My Former Self

The babysitter came by yesterday
afternoon for a couple of hours. For the first time all week, I had the
chance to just take a relaxing shower and get ready without
interruption. I remember the days where I took advantage of that
luxury. I even ::gasp:: had time to blow dry my hair!

Next came
make-up. I probably need to buy new make-up since I haven't worn it in
so long. As I smoothed the light foundation onto my skin, I saw the
blotchy redness disappear, acne became almost invisible and my
complexion was smooth and even. A touch of eyeliner made my eyes pop
out. The shadow on my eyes was deliberate that day, put on the top of
the lid instead of earned underneath (those blue signs of sleeplessness
had disappeared for the day). I pulled out the mascara and swept it
across my lashes, reviving them.

I looked at the woman in the
mirror. She was someone I hadn't seen in a very long time, but I was
happy to see her. I smoothed some product into her hair, taming the
fly-aways. She looked good. She looked surprised to be called forth
once again. I went into her closet and tried on her clothes. A little
tight (I somehow don't remember a muffin top before) but with the right
top, I could work with it. I went back and looked at her again. Her
hair was a bit different, but basically she was the same as I
remembered.

Yesterday I called her forth to go out into the
world, to go to schools and put her name into the hands of the people
who would call her for jobs. She walked into a school she had never
been to before and began to look for signs that would (hopefully) point
her way to the office. The signs were not there, she went in the wrong
direction, she was off to a bad start. Luckily, a group of students
were standing by the doors so she asked them to point the way. One boy
offered to take her. He led the way and was courteous
and sweet and she remembered how much she loved working with these
kids. She remembered how good it felt to be a positive influence in
their lives. She remembered how it felt to have someone look at her,
not as a "person without a paying job", but rather as a "professional".
She gained a lot of confidence on that walk to the principal's office.

When
she walked in, she even had the courage to ask to speak to the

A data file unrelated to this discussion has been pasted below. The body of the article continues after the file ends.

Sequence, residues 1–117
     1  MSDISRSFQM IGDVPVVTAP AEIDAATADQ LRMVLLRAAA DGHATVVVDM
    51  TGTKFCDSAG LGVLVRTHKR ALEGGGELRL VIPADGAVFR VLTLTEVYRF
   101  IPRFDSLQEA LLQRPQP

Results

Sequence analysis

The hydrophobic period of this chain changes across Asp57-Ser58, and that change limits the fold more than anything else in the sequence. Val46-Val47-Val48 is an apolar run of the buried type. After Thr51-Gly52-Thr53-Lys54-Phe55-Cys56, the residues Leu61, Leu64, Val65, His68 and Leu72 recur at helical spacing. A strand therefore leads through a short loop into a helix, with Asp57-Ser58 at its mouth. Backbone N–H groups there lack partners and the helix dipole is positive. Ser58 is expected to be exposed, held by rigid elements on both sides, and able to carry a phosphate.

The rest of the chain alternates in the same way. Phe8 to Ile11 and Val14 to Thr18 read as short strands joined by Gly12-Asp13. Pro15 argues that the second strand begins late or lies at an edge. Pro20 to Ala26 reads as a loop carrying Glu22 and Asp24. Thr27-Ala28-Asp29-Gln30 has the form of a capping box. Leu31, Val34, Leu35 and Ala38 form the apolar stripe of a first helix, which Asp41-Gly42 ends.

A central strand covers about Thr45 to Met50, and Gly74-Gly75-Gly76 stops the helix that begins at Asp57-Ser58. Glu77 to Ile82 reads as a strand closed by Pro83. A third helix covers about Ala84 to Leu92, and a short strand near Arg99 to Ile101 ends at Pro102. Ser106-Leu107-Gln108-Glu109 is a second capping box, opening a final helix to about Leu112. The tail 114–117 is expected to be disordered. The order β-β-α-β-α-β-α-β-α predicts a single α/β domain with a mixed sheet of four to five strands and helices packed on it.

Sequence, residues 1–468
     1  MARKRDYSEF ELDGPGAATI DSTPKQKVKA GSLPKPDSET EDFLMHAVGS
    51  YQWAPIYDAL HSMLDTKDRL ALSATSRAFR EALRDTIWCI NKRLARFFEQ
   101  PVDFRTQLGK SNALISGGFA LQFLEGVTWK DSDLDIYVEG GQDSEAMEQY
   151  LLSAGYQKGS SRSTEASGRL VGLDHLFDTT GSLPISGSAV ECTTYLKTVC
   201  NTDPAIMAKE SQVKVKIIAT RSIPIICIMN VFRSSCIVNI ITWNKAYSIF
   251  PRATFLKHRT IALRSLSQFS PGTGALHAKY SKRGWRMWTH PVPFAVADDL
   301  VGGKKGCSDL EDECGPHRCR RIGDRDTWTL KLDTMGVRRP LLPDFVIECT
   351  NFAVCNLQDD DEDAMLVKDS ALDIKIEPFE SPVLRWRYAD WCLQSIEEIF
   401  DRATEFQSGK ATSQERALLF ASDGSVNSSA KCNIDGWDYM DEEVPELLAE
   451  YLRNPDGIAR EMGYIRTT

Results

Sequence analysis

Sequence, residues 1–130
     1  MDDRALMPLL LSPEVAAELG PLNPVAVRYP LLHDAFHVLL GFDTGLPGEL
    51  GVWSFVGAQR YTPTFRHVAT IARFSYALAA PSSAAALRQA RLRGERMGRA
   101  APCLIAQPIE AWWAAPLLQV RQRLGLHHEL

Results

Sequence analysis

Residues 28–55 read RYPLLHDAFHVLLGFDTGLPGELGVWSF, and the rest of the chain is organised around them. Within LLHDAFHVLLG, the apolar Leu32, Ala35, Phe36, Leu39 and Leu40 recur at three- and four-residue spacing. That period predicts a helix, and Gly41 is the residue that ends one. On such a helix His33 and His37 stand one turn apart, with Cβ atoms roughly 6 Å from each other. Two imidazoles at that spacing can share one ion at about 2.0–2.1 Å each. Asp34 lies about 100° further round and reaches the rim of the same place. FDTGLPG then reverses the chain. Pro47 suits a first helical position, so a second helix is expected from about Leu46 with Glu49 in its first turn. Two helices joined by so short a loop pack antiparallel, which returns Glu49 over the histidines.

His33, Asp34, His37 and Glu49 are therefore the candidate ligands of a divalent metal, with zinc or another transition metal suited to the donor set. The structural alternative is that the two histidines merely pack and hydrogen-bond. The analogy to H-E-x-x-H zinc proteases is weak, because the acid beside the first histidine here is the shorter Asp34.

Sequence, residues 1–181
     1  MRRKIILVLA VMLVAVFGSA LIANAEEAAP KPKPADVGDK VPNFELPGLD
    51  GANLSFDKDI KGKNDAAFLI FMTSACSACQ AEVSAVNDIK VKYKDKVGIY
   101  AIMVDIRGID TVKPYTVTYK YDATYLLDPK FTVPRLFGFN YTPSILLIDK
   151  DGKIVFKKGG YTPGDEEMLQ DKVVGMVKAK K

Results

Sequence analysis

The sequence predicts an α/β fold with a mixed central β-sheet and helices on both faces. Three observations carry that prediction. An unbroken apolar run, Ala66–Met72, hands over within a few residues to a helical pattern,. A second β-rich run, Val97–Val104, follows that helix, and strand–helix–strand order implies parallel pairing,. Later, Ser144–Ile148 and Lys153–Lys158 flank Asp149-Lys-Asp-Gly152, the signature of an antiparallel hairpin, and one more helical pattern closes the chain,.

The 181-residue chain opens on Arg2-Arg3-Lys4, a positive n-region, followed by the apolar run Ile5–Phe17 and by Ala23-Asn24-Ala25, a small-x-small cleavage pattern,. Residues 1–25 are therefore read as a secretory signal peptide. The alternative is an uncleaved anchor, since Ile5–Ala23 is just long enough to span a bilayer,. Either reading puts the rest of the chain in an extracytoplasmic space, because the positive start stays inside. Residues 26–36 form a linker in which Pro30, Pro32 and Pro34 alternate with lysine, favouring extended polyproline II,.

principal. He had a free moment so he saw her and she gave him the
letter that she had prepared outlining her experience. She had even
highlighted her contact numbers so that if, as she hoped, the letter
was posted in the staff room, teachers could contact her. She felt
proud of herself in that moment. She went to a couple of other schools
and repeated the process.

She stopped and grabbed a coffee and
visited with a friend, a mom. The differences between them were
striking. She looked at the mom, and she saw herself three hours
before. Can a person change that much in just three short hours?
Evidently they can. She had a blast with the other mom and her adorable
(though sick) daughter. She was cool and confident and put together as
only a person without a child can be. She had endless patience and a
sense of humour with this girl that only comes from enjoying another
person's child. With this child, all her tricks were new, all her faces
were funny. With this child she was a fun treat.

She and I drove
home together. We thought a lot about how this next stage was going to
work. She used to be a part of me. She used to BE me. Can I still be
her without feeling like someone else? I couldn't yesterday. I got home
and suddenly Peanut was running to the door and I was MOMMY! again. I
held her tight, I kissed her sweet face, and then "she" was gone and I
was back again.

Reposted from: Michelle's Blog

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